Performance art has a reputation for stone-faced seriousness, so it will be interesting to see how Barr adapts aspects of performance art into videogame form, seeing as he’s most known for games that make players laugh. His World of Glue game presents itself as a Mario-esque platformer, but where the ground is covered in glue, preventing the player from jumping or doing much other than slowly trudging forward. The result sends up how we expect side-scrollers to play. For the MAI games, Barr must take intensely reality-based activities like sitting face-to-face with a total stranger and somehow make them work in a disconnected digital environment. It’s a challenge, but one that Barr finds “quite rewarding.”

They’re not inherently deadly serious or ridiculous, it’s about the stance of the person experiencing them.

So, as absurd as a game about airing grievances to a spruce sounds, Barr notes that he has to keep his jokey side in check. “The humor thing is tricky. One good thing about the sorts of exercises Marina’s interested in, though, is that they’re really much more about what you bring to themthey’re not inherently deadly serious or ridiculous, it’s about the stance of the person experiencing them. As such, while something called ‘Complaining to a Tree’ might seem ridiculous to people, it’s entirely possible, I think, to commit to or accept the experience and really get something out of it. A great thing about a game version is that it’s even easier to try it out without the ‘risk’ of feeling embarrassed by talking to a real tree.” This is just one way games can help break down certain barriers of accessibility to the artworks.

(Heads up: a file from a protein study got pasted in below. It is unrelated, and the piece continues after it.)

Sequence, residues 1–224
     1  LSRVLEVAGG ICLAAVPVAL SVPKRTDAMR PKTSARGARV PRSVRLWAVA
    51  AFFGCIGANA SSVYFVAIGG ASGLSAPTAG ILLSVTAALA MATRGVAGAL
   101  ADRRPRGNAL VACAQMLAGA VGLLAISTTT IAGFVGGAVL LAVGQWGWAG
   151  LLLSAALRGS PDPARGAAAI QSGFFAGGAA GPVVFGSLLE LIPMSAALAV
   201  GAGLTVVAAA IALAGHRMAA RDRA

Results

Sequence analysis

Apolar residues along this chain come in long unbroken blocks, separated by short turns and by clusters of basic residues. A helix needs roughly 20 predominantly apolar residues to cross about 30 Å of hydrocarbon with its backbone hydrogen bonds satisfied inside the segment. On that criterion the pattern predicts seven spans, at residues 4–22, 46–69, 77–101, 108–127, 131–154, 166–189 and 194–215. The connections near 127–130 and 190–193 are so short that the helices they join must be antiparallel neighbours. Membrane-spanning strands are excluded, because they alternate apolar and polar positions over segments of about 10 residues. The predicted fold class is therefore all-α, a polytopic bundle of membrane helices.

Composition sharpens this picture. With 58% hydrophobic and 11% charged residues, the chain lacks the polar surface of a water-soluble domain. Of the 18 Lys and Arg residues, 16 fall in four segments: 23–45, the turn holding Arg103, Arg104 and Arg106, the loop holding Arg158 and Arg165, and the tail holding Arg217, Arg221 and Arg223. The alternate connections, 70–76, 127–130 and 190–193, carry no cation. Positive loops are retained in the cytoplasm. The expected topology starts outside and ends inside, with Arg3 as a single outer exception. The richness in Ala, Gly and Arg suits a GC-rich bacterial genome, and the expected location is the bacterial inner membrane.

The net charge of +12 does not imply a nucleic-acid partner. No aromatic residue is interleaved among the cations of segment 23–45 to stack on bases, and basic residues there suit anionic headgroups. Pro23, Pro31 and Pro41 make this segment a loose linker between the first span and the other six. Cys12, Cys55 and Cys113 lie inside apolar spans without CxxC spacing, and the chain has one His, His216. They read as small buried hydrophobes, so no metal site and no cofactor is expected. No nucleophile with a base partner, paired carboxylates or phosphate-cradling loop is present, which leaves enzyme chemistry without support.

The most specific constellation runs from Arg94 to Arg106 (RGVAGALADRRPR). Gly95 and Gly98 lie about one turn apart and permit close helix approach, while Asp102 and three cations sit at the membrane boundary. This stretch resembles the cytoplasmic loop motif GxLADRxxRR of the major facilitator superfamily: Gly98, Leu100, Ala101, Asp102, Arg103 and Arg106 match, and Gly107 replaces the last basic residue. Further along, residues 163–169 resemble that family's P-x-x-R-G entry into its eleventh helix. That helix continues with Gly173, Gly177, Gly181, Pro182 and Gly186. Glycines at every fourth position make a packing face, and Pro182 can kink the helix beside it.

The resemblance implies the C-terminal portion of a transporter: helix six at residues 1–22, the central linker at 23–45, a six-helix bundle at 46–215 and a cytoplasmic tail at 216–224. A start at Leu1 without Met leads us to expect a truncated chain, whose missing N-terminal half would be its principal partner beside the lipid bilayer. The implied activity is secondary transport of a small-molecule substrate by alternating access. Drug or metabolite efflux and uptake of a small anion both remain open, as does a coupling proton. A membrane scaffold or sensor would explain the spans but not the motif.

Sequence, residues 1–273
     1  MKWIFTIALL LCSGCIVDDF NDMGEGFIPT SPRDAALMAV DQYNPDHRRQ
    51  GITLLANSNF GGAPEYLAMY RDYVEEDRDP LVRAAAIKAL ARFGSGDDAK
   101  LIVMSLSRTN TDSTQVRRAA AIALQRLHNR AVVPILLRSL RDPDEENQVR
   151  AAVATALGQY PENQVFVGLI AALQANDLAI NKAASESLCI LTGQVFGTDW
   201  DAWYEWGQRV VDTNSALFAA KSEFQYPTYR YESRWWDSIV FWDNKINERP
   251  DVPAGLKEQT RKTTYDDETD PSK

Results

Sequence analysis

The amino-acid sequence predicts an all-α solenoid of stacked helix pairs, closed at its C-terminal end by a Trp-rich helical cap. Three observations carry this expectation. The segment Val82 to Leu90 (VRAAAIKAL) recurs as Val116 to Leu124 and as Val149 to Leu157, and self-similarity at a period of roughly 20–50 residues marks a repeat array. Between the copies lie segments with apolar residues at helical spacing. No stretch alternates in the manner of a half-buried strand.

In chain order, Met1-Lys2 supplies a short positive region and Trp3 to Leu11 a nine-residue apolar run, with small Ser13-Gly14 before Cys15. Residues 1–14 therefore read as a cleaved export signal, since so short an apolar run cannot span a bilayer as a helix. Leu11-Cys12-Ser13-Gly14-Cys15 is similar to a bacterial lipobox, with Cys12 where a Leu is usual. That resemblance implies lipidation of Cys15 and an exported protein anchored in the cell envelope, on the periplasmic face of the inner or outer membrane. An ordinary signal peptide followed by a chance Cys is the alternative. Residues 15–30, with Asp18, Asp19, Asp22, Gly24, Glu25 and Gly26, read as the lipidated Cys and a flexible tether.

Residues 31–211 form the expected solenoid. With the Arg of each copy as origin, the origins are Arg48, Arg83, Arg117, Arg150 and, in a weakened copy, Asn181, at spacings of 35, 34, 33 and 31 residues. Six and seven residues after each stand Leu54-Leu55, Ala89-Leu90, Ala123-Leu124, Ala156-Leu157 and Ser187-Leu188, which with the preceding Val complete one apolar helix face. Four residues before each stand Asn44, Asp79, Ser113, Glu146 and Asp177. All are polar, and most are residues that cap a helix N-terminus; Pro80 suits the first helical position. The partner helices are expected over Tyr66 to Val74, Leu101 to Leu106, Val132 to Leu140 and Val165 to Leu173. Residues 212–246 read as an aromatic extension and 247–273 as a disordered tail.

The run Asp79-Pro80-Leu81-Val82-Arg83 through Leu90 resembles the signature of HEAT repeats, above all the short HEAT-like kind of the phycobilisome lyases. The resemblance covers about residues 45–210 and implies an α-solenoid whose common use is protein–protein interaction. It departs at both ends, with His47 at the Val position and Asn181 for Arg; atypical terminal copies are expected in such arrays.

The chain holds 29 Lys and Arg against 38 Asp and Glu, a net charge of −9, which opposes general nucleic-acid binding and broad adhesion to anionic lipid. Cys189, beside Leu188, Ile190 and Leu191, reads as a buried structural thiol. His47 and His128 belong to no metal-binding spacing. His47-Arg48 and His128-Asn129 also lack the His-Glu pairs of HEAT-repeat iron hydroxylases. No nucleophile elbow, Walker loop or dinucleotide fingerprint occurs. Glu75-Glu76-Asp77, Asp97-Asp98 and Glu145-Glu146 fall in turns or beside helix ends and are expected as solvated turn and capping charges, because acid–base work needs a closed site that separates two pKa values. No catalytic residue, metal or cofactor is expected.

There’s an outside impression (which is shared by some from within) that the art world is a weird, stuffy and self-serious place; it can seem as foreboding to newcomers as Call of Duty multiplayer is to people who don’t play videogames. But videogames, particularly those you can play alone in the comfort of your own home, provide safe spaces to engage in play and fail without losing face in a social environment. Barr uses humor to mitigate perceived pretensions in art and art games, breaking through their hard exteriors to expose more relatable human qualities.

“The humorous aspect of my games was a big part of what had attracted her to them in the first place.”